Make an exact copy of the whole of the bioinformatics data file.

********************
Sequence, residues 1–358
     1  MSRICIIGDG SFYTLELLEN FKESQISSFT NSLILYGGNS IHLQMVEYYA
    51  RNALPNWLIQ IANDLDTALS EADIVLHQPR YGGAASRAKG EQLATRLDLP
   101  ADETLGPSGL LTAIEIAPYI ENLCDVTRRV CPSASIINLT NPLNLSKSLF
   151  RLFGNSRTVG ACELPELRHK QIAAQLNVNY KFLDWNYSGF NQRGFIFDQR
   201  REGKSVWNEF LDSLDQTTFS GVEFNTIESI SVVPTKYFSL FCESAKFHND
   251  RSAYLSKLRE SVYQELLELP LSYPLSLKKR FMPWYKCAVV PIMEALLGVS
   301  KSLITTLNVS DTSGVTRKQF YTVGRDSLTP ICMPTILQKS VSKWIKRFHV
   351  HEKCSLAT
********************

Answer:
Sequence, residues 1–358
     1  MSRICIIGDG SFYTLELLEN FKESQISSFT NSLILYGGNS IHLQMVEYYA
    51  RNALPNWLIQ IANDLDTALS EADIVLHQPR YGGAASRAKG EQLATRLDLP
   101  ADETLGPSGL LTAIEIAPYI ENLCDVTRRV CPSASIINLT NPLNLSKSLF
   151  RLFGNSRTVG ACELPELRHK QIAAQLNVNY KFLDWNYSGF NQRGFIFDQR
   201  REGKSVWNEF LDSLDQTTFS GVEFNTIESI SVVPTKYFSL FCESAKFHND
   251  RSAYLSKLRE SVYQELLELP LSYPLSLKKR FMPWYKCAVV PIMEALLGVS
   301  KSLITTLNVS DTSGVTRKQF YTVGRDSLTP ICMPTILQKS VSKWIKRFHV
   351  HEKCSLAT